FRIENDSHIPOLOGY THRU MOVEMENT – Qi Gong & Tree Gong – In Unison w/ Nature – by Neil Norton – March 2022

NEIL NORTON  is a Certified Arborist since 2002 and holds a Masters Degrees in Business Administration and Latin American Studies from Tulane University. Neil is passionate and active around issues of tree conservation and education, both locally and nationally. He teaches Qigong and Taichi since 2008. Neil loves inspecting trees, and thoroughly enjoys his encounters with clients and their trees in all the hidden neighborhoods of Atlanta.

We find friends in many quarters, proximity, common interests, school, neighbors, and even on the internet. I often encounter new friends in movement. My friend Billy Lee has asked me to share my perspective on friendship and movement after demonstrating to him some Qi Gong. 

In Qi Gong, an ancient Chinese series of movements, we often discuss different types of learning, whether auditory, visual, and/or kinetic. Perhaps there are different ways of being friends. I know that becoming friendly with someone often has to do with a “feeling”. Love at first sight would be an extreme example. Often there is just something that intrigues you about the other, which could fall into the categories of types of learning. You might like the sound of someone or how they look. Alternatively, you might be repelled by someone on the same grounds. I found that my movement when not paying attention, which can appear quick and intense upsets dogs. I know because they bark at me. What does it mean to be kinetically drawn or repelled by someone?

So much of our language comes through our body. When we move together in unison there is a power and reinforcement that is shared without words. I have always considered myself a kinetic learner, it is a language that comes natural to me. While I have learned to adapt, words have always been a struggle. I enjoy my Qi Gong practice as it allows me to share with others through movement. Often in movement, I find I can be truer to myself and relate more genuinely than through words.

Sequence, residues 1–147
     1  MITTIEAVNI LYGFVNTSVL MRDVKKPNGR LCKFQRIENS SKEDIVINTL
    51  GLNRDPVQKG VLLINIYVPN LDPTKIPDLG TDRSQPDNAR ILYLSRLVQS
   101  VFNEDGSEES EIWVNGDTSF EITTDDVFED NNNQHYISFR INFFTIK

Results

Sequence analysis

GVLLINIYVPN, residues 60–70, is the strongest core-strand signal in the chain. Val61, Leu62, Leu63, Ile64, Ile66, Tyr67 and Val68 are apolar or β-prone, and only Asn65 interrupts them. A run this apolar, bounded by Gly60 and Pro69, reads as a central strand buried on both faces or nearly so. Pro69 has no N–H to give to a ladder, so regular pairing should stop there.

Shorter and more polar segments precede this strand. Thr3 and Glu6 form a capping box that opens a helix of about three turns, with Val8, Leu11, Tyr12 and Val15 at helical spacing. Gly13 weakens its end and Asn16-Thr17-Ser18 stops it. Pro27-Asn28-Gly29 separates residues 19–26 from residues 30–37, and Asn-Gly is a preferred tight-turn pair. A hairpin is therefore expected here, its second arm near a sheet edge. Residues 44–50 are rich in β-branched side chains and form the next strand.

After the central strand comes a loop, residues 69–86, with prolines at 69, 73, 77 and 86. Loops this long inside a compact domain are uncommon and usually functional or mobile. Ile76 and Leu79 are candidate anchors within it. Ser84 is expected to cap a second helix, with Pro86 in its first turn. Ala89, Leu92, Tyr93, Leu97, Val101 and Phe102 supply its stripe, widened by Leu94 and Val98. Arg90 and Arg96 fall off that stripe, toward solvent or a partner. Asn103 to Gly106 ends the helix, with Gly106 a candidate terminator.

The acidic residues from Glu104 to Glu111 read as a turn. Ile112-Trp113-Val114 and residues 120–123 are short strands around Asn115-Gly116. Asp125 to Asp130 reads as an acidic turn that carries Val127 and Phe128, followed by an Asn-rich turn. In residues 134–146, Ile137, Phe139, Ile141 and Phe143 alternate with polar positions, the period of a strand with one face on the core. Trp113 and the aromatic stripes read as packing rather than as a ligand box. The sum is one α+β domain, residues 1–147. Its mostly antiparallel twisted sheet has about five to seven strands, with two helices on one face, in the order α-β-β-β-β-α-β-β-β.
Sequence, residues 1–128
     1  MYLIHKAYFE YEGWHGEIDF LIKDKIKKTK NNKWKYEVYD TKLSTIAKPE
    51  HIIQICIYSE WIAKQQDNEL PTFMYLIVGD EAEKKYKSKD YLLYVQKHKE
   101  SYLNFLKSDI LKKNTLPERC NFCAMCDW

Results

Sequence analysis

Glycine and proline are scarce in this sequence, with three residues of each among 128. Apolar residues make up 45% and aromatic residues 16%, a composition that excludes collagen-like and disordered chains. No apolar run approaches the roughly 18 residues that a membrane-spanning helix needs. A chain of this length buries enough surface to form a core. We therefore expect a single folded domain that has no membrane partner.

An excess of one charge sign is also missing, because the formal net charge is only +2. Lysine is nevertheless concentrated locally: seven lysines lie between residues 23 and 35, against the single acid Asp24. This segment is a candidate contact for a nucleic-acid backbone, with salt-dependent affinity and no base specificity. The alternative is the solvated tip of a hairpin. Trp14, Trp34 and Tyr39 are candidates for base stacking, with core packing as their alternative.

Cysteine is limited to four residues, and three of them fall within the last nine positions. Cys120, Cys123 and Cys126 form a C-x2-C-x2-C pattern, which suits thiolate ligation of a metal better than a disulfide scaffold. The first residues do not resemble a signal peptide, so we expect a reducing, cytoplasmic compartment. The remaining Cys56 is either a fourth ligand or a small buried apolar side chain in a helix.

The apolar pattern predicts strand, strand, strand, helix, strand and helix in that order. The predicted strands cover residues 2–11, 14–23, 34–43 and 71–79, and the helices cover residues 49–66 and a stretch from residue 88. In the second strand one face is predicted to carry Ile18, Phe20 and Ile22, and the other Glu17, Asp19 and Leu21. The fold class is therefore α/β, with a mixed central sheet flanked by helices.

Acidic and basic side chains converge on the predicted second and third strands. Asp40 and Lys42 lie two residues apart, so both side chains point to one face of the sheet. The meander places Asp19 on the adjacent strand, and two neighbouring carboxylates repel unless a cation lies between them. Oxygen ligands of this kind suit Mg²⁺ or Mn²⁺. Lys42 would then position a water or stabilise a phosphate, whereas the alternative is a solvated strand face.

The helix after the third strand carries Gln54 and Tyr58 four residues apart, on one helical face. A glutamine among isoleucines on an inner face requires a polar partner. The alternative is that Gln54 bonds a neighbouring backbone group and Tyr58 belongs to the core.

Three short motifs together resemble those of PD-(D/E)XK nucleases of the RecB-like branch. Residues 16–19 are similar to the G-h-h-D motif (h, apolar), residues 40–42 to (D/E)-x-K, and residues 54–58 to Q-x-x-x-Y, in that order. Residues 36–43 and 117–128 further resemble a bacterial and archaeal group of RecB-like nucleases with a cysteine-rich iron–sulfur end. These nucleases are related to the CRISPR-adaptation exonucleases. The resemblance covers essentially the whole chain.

Movement also allows me to align myself with nature that combines both elements of me and nature as reflected in my body. For me, moving in sync with nature means slowing your breathing pattern and coordinating it with my mind and body through gentle movements. When we move with nature, our movement takes on a deeper meaning. Combine that with another person and it becomes reciprocal. Sometimes I practice what I jokingly call Tree Gong, a type of Qigong with a tree, where I slow my breath and stand like a tree, envisioning your exhalation of carbon dioxide and inhalation of oxygen, exactly inverse to what the tree is doing.

While movement most always starts internally, it is always expressed in an external fashion. Some types of movements are more accepted than others, for example tennis on a tennis court, or frisbee on a field, or dancing in a club. The ancient arts, like Tai Chi and Qi Gong, not only connect us with those of past, but it is also an excellent way to connect with those in our present. There have been several occasions when I attracted unwanted attention practicing Tai Chi in public.  So, finding a safe place to practice is important, unless you are trying to make a statement, but do not be surprised if the statement is misinterpreted or worse is threating to someone.

Many feel constricted by their ability to move, whether it is emotional or physical. Each of us has our own ways to move through gravity on Earth. We are nature, each one of us, so embrace a method and do not judge yourself, just breath and move. The next time you see a movement practice, whether dance, tai chi, qi gong, throwing the frisbee or playing ping pong, consider partaking. There is power in moving together and in unison with nature.


Billy’s Comments :

Neil is one of my son, Gary’s very best friends. They grew up together in Ladera as neighbors and schoolmates when they were near ten years old.  I was an active participant in many of their sports activities. One year, Neil got injured and could not play baseball for quite a period. He and I got to know each other and became friends as we watched and cheered for his teammates and had many fun and interesting conversations.  Neil and family visited us earlier this year from Atlanta, Georgia.  I invited him to write for this Friendshipology Website.  Thanks, Neil, for adding “TREE GONG” in our vocabulary.